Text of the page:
Try the new Windows Server 2012 R2 Preview, System Center R2 Preview, Hyper-V 2012 R2 Preview today.

    ---

    “But, aren’t you coming to my town?  Are you doing more of these in October?”

    If you live outside of the Central US, check out http://technetevents.com/azureitcamps/ .

    For events in October.. stay tuned…

    For the full list of events, CLICK HERE.

  • VMware or Microsoft?–VDI: A Look at Supportability and More!

    computers,desktops,electronics,hardware,IT,technology,workstations

    “A little bit of history first.  Virtual Desktop computing has been slowly etching its way into more IT plans year over year.  The advantages can be enormous when isolating the end user into a virtual desktop that looks and acts like their regular everyday PC.  Of course the ROI has been quite difficult to manage especially when looking at large deployments, and when performance must be guaranteed to match or exceed the current computing requirements.”

    If you want to read more of my friend Tommy Patterson’s article today for our “VMware or Microsoft?” series, CLICK HERE.

  • BREAKING NEWS: Windows 8.1 and Server 2012 R2 RTMs are now available to TechNet and MSDN Subscribers

    This just in today…

    GREAT NEWS!

    According to the Windows blog, S. Somasegar’s blog, and the In the Cloud blog, today Microsoft has made the RTM (Release to Manufacturing) builds of Windows 8.1 and Windows Server 2012 R2 available for TechNet and MSDN subscribers to download.

    Also now available is the RTM of Hyper-V Server 2012 R2

    And also available today publically (that means, to anybody who wants to try it) is the Visual Studio 2013 RC (Release Candidate). 

    “The new releases give developers everything they need to start building and testing the next generation of apps for the Windows platform and demonstrate our commitment to listening to feedback from the developer community.”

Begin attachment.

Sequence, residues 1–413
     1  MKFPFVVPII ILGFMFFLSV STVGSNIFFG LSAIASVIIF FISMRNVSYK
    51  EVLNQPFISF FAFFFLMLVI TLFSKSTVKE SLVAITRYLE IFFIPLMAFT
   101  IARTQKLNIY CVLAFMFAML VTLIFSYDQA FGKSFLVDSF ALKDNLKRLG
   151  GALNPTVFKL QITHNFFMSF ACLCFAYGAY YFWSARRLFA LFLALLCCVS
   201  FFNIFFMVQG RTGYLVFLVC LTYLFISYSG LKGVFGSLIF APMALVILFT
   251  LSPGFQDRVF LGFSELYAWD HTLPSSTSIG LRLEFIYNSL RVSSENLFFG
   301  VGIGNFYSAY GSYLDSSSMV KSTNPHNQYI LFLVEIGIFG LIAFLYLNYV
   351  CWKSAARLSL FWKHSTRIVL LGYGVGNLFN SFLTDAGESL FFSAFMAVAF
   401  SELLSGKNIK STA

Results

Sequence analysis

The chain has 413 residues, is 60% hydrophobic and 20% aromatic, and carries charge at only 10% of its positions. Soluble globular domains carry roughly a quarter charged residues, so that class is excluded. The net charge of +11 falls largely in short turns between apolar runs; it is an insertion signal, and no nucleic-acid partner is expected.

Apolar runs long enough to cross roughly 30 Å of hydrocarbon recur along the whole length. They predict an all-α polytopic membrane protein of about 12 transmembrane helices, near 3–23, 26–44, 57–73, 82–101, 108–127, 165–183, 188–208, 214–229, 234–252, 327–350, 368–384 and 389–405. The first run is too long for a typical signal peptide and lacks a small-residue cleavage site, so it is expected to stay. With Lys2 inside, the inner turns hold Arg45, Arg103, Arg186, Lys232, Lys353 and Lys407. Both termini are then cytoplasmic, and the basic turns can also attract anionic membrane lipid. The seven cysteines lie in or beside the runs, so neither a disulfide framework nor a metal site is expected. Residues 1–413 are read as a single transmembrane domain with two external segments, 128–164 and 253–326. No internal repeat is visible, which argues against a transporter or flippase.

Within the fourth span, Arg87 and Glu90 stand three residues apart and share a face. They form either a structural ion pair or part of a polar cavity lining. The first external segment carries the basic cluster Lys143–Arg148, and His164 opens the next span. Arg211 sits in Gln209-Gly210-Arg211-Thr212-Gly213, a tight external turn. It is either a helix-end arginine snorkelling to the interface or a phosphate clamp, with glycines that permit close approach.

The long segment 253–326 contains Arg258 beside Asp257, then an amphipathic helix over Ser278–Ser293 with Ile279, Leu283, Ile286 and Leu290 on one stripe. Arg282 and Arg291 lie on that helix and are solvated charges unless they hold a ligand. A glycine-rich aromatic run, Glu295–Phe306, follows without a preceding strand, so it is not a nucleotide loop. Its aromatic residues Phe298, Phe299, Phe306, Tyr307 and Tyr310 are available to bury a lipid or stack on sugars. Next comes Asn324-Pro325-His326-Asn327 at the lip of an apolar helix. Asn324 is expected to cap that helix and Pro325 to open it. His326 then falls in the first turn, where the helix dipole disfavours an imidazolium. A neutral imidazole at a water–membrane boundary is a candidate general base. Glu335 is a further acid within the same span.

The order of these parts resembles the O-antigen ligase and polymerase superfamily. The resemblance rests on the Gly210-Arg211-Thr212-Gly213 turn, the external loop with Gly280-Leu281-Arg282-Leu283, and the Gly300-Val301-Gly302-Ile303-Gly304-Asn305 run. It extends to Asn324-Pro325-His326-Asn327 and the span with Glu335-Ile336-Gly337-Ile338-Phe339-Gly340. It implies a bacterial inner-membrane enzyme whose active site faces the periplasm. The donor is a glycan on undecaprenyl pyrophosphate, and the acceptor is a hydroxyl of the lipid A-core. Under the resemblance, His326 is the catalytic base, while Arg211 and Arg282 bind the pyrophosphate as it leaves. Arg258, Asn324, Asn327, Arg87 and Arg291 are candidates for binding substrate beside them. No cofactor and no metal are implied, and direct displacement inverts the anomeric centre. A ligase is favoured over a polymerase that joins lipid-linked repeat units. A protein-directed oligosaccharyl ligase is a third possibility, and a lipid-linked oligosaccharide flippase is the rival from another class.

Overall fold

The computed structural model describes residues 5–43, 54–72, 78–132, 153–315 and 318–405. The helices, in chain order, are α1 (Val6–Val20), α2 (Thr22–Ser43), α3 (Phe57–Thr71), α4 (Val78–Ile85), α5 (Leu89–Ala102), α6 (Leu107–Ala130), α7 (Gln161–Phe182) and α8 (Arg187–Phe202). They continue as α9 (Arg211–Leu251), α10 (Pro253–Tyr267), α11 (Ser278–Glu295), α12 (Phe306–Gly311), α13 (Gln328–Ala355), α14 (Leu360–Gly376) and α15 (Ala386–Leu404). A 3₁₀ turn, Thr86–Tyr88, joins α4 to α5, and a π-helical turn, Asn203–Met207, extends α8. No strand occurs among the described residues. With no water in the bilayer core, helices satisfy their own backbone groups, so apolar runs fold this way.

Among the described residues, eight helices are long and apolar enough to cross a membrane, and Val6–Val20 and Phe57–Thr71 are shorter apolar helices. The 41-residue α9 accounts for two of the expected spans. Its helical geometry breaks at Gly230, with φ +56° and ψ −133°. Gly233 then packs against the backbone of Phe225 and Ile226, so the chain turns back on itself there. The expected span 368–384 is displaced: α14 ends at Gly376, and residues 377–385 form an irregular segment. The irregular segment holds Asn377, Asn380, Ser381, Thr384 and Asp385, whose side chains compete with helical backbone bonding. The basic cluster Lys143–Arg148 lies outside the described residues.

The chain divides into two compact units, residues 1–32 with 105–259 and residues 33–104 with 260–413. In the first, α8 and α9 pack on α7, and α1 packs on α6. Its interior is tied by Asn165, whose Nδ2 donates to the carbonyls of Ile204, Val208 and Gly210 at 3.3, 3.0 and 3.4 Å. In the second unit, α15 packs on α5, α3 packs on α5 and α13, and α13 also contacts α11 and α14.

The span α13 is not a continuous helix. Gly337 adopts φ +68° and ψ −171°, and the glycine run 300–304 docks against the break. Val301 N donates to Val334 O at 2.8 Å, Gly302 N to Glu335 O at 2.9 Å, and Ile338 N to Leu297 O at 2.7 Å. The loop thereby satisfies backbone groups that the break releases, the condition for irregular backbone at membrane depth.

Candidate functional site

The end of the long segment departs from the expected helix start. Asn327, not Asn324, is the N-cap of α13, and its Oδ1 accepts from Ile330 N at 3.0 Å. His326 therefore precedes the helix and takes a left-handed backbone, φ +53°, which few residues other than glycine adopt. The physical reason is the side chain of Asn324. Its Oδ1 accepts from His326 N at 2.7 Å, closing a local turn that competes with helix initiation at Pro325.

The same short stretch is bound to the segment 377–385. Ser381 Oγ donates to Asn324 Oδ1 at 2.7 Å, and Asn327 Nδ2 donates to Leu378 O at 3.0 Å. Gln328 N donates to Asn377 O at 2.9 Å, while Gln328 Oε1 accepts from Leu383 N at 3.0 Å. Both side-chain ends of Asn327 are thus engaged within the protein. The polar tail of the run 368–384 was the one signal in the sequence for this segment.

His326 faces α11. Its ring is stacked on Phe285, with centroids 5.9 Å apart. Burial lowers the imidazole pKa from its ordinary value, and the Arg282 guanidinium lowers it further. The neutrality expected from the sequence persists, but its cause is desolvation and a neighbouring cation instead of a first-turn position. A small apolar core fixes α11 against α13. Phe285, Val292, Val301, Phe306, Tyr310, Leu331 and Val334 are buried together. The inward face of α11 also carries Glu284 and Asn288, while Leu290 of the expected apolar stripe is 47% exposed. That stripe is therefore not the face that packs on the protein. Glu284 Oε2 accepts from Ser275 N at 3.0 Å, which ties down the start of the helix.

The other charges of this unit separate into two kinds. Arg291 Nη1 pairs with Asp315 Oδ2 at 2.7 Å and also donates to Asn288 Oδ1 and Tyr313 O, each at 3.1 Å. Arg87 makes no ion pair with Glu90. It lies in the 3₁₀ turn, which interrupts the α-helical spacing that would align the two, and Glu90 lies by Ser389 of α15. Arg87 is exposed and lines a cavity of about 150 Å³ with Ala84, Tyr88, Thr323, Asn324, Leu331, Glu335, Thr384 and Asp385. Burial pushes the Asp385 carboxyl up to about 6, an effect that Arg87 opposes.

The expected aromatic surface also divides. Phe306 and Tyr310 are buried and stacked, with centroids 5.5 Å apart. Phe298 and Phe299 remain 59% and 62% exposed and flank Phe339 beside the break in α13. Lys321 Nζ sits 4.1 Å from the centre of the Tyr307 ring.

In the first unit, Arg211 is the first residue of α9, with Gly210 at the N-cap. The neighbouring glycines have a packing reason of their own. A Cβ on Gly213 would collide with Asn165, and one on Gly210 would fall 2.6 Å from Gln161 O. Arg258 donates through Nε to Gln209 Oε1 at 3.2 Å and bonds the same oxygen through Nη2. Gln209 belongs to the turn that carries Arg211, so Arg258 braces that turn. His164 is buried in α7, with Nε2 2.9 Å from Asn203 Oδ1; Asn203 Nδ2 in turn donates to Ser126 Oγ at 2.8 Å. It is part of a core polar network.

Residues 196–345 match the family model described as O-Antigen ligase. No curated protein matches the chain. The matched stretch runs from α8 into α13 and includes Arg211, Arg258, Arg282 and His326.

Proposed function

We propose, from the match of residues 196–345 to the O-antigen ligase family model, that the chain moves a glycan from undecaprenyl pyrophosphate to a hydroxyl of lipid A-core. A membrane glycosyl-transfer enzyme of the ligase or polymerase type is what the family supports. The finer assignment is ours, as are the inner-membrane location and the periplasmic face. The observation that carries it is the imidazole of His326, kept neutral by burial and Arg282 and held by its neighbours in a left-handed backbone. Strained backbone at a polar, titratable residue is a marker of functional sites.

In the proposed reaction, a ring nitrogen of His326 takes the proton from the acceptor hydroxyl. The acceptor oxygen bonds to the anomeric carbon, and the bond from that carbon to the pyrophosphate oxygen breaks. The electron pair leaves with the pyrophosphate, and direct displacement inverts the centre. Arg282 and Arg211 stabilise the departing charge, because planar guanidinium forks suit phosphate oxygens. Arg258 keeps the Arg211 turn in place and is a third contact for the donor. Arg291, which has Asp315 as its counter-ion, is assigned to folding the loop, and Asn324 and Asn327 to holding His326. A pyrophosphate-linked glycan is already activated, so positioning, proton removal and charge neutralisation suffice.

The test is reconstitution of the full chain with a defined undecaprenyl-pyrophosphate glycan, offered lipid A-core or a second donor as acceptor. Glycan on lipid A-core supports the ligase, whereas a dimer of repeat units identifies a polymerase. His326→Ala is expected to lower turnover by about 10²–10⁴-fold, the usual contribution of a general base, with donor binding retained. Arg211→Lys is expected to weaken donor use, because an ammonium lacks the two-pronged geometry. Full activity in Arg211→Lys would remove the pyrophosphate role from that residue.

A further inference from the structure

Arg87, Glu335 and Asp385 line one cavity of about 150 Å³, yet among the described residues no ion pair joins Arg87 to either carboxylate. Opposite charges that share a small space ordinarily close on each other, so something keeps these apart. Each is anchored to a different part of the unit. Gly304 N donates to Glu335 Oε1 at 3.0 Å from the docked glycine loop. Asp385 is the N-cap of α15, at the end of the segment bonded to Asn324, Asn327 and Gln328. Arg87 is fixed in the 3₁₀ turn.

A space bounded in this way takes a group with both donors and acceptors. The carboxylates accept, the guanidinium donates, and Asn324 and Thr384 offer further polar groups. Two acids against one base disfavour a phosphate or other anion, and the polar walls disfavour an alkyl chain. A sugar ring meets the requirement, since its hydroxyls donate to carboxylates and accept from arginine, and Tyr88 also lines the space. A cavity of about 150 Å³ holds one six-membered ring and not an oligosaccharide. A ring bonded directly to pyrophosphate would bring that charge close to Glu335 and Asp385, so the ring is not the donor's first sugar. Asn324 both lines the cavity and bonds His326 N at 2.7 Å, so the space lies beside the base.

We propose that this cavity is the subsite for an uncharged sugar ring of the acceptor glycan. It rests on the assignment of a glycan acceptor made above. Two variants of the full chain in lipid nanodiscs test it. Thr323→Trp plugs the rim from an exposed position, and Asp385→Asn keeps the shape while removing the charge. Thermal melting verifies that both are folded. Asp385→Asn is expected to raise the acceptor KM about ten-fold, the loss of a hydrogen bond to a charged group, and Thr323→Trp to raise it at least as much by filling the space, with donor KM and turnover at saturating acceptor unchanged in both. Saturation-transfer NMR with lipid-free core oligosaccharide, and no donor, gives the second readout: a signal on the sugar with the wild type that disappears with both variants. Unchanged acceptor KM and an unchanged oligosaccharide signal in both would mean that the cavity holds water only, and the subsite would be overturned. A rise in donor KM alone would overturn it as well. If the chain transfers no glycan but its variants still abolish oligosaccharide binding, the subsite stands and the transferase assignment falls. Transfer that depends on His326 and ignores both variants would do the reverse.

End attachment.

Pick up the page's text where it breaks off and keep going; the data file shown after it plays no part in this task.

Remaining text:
Gentlemen.. Start your downloads!

  • VMware or Microsoft?–Auto-Balance your Workloads

    Automated server workload balancing for heterogeneous private clouds.

    “Wow.  That’s a mouthful.”

    And it’s also a pretty useful set of functionality.

    Balancing WorkloadsConsider VMware’s Distributed Resource Scheduler (DRS) and Distributed Power Management (DPM).  Those capabilities (available with the vSphere Enterprise and Enterprise Plus editions) provide the ability to automatically move live workloads (VMs) around and among a cluster of virtualization hosts. Over time and based on various conditions, for the sake of balancing the load (DRS) or conserving power (DPM), virtual machines will be vMotioned (is that a verb?) from host to host.

    Now compare and contrast that with similar capabilities provided in Hyper-V and driven via System Center 2012 Virtual Machine Manager.  With the support of the built-in Windows Server Failover Clustering (included for nothing extra), Virtual Machine Manager allows you to configure and enable Dynamic Optimization (DO) and Power Optimization (PO). 

    And finally, add to this the fact that System Center Virtual Machine Manager can provide and drive DO and PO not only for Hyper-V clusters, but for vSphere and XenServer as well.

    In today’s article in our “VMware or Microsoft?” series, my friend Keith Mayer breaks down the comparison into these 5 key areas of Automated Server Workload Balancing:

    • Balancing ActInitial Workload Placement
    • Constraint Correction
    • Automated VM Load Balancing
    • Power Management
    • Cluster Maintenance

    As Keith summarizes: 

    In this article, we’ll briefly describe each of these key technical areas and contrast with how these same capabilities are delivered in Windows Server 2012, our FREE Hyper-V Server 2012 enterprise-grade bare-metal hypervisor, and System Center 2012 SP1 Virtual Machine Manager (VMM) across multiple hypervisors in a heterogeneous Private Cloud. As we discuss each area, you’ll also see that some of these capabilities are integrated into the core of Windows Server 2012 and Hyper-V Server 2012, and as such, those capabilities can be delivered at significantly less cost for organizations seeking to standardize on Hyper-V.

    READ HIS EXCELLENT ARTICLE HERE

  • VMware or Microsoft? - Dynamic Storage Management in Private Clouds

    Get your software evaluations here.

    Today we’re discussing storage and storage management.  The importance of storage can’t be understated.  Nor, unfortunately, can the impact of the cost of doing storage right.  And storage needs are never decreasing, are they?

    “Are you kidding?”

    Exactly. 

    Both VMware and Microsoft have solutions to address the flexible management of storage, and even some features that can automate the intelligent allocation and distribution of storage.  So in today’s article in our “VMware or Microsoft?” series, my friend Keith Mayer will be comparing and contrasting those solutions in the following areas:

    • Hot-adding VM Storage
    • Live Expand and Compact of VM Storage
    • Live Storage Migration
    • Automatically Move VM Storage across Storage Classes